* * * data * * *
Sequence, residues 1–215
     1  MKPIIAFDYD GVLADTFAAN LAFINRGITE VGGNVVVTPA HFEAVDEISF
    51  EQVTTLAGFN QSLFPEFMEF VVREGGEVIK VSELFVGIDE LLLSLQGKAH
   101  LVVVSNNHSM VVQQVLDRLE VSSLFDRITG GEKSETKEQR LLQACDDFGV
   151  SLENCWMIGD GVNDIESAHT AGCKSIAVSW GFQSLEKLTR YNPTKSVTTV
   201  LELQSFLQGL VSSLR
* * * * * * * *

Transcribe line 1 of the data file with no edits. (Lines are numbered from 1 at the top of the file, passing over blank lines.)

Sequence, residues 1–215